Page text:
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street-harassmentDespite stringent state and federal laws prohibiting sexual and other illegal harassment in the workplace, many employers and employees continue to be faced with situations and litigation involving such conduct. 

 In 1996, Massachusetts General Laws c.151B (“Chapter 151B”) was amended to require employers to distribute written sexual harassment policies (with specific required provisions) to all new employees and to every employee on at least an annual basis.  That law also encourages employers to provide sexual harassment training to all of their employees on a regular basis.  Unfortunately, many employers still fail to take those steps, exposing themselves to legal liability and the prospect of substantial damages awards, including back wages for terminated employees, emotional distress, punitive damages and attorneys’ fees.

Moreover, many employees are not aware that they can be held individually liable for engaging in or aiding and abetting sexual harassment.  In one recent case, Martin v. Irwin Industrial Tool Company, et al., No. 12-30048-KPN (D. Mass. May 3, 2012), the U.S. District Court for the District of Massachusetts held that rank-and-file employees (i.e., not only supervisors and managers) may be liable for harassment and retaliation under Chapter 151B.  Interpreting the language of Chapter 151B, the Court concluded that any employee, regardless of his or her authority over other employees or relationship to the employer, may be held liable under Chapter 151B.  In another recent case, Sobocinski v. United Parcel Service, et al., 34 MDLR 109 (June 26, 2012), which involved a male employee alleging that he was sexually harassed by his male supervisor, the MCAD’s Full Commission upheld the Hearing Officer’s decision, which not only found UPS liable, but found three managers individually liable, and affirmed the award of $50,000 in emotional distress damages to the complainant. Importantly, the MCAD also mandated six hours of discrimination, harassment and retaliation-prevention training for all of UPS’ supervisors and managers.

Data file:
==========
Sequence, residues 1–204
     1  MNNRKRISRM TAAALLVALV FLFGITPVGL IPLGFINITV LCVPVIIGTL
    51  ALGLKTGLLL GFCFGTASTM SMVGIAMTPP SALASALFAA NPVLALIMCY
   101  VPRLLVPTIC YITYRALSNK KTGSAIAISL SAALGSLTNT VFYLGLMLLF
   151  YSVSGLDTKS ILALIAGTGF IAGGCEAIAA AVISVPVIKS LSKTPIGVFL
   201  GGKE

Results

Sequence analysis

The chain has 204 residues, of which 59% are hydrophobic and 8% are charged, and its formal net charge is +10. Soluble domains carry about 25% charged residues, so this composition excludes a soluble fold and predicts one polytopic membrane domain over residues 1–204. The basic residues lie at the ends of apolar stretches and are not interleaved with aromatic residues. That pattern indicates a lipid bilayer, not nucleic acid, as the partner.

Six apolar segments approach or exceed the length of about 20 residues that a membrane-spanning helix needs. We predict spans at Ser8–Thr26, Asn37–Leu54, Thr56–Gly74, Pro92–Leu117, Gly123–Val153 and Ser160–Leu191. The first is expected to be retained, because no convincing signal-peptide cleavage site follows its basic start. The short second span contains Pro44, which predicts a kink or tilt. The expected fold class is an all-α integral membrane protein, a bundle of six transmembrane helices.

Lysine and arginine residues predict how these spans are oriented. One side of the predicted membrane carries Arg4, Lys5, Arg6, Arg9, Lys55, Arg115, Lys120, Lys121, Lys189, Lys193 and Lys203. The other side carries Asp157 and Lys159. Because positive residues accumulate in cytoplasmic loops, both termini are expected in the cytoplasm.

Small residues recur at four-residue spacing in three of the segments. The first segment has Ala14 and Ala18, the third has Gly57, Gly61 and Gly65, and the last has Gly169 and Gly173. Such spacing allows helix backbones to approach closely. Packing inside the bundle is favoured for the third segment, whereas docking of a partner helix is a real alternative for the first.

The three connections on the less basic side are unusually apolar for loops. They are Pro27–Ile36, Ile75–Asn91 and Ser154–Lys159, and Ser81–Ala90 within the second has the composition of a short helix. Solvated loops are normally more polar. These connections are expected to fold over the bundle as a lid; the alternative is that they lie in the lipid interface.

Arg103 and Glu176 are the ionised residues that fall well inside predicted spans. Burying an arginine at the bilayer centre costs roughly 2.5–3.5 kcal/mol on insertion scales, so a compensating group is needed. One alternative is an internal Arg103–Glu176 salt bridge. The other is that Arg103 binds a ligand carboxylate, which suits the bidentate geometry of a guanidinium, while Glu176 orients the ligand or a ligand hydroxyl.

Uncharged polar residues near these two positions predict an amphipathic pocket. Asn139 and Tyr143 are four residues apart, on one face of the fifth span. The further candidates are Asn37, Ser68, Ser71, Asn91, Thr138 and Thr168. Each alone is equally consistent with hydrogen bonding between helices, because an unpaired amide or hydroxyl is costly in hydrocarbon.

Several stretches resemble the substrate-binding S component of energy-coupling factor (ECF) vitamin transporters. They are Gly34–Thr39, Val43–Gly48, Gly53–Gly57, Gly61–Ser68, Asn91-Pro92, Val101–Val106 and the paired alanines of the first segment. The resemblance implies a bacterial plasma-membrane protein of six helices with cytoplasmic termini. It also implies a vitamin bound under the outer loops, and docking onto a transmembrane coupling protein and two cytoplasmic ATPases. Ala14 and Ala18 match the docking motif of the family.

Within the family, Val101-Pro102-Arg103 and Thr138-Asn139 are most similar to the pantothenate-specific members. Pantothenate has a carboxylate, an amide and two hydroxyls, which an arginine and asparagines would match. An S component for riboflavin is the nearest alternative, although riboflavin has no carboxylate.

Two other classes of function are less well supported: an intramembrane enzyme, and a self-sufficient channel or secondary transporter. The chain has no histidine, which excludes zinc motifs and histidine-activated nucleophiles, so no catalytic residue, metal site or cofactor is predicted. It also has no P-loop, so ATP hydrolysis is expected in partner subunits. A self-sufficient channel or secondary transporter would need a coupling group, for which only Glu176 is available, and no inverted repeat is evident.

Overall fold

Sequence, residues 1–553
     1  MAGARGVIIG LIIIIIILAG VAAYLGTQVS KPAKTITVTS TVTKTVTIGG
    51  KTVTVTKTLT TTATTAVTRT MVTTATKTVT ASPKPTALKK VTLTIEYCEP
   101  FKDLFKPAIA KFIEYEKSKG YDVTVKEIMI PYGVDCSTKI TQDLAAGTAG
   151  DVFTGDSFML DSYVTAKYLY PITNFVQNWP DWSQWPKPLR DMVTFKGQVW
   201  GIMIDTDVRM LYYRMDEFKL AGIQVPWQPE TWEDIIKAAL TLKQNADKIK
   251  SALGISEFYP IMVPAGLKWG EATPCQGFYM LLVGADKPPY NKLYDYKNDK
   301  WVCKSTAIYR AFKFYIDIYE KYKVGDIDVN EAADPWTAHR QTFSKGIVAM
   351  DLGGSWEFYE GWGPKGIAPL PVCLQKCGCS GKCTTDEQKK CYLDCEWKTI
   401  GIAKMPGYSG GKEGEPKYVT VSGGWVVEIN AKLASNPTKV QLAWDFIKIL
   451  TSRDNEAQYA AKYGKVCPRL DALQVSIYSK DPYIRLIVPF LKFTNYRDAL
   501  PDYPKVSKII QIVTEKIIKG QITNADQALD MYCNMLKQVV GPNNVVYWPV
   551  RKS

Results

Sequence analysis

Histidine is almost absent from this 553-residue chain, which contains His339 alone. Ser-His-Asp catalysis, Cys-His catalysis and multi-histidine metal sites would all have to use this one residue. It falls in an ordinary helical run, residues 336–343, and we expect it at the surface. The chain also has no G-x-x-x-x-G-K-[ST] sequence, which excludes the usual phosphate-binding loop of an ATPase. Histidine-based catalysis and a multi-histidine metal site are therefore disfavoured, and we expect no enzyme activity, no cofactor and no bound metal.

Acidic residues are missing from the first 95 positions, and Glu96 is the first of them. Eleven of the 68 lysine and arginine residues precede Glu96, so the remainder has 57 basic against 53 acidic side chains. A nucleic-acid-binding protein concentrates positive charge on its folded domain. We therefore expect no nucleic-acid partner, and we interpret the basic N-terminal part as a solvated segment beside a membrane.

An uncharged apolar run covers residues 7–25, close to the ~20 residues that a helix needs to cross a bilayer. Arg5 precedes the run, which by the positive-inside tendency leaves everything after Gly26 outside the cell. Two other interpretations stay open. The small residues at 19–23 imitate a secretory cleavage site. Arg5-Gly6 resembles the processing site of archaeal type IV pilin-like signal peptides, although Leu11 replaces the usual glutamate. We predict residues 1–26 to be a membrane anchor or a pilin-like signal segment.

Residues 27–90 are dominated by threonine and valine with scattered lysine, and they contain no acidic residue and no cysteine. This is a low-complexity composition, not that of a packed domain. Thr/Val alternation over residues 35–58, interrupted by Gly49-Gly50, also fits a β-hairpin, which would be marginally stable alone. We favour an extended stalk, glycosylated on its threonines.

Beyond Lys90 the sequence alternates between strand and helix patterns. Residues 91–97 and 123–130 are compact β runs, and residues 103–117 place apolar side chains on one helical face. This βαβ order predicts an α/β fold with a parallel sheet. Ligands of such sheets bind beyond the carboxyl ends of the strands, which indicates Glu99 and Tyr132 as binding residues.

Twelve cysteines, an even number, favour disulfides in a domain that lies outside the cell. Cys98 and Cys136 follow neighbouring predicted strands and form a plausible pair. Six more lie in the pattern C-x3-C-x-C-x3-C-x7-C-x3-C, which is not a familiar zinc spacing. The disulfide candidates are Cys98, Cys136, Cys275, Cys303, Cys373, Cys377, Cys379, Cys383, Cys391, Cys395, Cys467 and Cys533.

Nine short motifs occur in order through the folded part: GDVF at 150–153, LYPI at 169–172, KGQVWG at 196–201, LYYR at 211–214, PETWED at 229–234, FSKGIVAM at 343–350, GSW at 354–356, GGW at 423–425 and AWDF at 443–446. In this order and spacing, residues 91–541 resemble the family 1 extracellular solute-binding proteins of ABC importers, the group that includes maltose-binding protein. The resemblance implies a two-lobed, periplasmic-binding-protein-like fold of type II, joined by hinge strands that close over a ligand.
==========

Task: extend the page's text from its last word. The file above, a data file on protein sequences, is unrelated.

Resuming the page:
These two cases clearly show that it is in the best interest of Massachusetts employers (in fact all employers) to ensure that their managers and supervisors, as well as their rank-and-file employees, receive regular training on the prevention of discrimination, harassment and retaliation.  When employers fail to properly educate their workforce on these issues or fail to “practice what they preach,” they risk significant liability for themselves and their employees.

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